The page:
The Holy Road to Rome

Like a long snake, spotted with stops on the medieval map, the Pilgrim Route tracks down from the north of Italy to Rome, from whence another route heads over the Apennines for eastern ports and Jerusalem. As a European initiative project the Via Francigena, as the Pilgrim Route is also known, is currently being restored; would-be walkers attempting a twentieth-century pilgrimage can now follow long stretches of it, though it is not an easy stroll.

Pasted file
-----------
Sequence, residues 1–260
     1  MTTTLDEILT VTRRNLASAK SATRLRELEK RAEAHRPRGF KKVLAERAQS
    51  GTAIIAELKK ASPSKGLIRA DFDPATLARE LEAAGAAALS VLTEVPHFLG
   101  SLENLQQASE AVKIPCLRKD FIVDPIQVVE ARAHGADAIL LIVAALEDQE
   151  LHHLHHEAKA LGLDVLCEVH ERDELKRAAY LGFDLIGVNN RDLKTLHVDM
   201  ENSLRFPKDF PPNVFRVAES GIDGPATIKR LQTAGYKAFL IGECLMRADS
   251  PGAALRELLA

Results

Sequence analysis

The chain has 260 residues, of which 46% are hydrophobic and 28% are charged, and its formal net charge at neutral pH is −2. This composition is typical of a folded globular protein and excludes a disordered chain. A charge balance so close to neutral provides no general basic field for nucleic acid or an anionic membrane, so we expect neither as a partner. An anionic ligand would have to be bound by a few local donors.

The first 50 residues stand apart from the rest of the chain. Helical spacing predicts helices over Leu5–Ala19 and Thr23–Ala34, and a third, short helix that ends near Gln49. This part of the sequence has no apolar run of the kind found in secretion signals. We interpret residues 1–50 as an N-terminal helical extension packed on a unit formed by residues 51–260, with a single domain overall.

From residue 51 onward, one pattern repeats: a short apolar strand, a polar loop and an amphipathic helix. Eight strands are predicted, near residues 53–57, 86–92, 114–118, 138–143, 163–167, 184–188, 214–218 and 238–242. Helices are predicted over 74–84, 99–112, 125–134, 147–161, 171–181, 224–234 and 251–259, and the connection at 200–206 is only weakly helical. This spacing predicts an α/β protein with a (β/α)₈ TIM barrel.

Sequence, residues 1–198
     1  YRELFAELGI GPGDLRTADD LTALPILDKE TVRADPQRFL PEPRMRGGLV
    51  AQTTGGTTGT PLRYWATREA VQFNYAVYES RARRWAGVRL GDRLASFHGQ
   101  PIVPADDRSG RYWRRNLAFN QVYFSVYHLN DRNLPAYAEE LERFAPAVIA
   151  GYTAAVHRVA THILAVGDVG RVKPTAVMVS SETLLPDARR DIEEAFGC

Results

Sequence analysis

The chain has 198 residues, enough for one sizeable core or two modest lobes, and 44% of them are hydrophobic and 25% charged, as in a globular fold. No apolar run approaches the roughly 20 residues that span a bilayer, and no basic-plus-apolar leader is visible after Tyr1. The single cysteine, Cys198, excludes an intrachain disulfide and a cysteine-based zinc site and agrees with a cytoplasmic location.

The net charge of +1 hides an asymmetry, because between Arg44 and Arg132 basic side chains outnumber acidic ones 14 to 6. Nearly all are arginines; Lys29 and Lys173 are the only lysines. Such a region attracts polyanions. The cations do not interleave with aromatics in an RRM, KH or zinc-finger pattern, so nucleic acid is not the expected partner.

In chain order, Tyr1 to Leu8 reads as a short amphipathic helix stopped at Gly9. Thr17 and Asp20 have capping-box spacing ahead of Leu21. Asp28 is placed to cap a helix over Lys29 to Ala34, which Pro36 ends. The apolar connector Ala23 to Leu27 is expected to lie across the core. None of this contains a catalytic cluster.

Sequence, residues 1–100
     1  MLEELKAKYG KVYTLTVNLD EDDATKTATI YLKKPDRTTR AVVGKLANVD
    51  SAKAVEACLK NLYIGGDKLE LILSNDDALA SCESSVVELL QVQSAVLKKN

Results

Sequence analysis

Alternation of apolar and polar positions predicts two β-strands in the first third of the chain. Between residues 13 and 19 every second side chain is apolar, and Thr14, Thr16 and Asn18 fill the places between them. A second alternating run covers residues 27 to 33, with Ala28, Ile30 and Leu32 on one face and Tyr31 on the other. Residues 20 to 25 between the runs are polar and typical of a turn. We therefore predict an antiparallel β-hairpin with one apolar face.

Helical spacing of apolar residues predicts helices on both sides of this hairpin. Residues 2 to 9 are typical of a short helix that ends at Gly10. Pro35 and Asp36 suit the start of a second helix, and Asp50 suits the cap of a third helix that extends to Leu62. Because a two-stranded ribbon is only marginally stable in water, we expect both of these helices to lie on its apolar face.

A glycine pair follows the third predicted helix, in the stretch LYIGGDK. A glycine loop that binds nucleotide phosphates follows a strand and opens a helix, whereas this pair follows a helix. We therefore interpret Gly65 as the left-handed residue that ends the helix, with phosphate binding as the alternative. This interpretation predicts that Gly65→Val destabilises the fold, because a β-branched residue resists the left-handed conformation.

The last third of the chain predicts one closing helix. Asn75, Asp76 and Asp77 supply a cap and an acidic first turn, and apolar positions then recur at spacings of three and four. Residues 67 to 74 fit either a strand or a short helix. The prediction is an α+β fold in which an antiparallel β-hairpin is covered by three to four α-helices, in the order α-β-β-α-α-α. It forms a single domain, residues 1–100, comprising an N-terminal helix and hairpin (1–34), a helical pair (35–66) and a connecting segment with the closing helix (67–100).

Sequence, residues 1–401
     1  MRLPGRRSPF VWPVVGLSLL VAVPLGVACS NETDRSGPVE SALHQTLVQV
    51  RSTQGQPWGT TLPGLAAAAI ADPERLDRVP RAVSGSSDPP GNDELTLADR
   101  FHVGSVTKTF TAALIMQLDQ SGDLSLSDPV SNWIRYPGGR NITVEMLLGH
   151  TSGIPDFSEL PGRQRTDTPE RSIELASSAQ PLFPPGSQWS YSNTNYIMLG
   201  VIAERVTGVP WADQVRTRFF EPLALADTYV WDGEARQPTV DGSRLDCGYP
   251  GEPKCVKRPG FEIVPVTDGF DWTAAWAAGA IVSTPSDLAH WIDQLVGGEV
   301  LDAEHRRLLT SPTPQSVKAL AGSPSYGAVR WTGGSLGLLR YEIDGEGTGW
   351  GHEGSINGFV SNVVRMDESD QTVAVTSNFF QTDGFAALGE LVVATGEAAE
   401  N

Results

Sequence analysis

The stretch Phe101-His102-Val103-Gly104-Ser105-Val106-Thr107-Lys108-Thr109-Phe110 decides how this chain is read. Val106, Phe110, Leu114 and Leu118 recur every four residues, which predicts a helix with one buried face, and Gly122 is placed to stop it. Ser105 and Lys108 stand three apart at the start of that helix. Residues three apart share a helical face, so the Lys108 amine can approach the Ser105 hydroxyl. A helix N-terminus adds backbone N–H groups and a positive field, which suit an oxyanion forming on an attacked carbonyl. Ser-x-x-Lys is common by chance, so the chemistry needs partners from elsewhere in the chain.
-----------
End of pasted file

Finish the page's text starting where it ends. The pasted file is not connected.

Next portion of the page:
'There are no signposts and it's often rough', explains Melanie Gabardi, official tourist guide to the city of Parma. 'You'll need detailed maps, the proper footwear and clothes – and a pronounced will!'

Parma, set half way along the Italian section, was much visited by travellers. The recently renovated Baptistry begun 800 years ago in 1196, is of particular interest.

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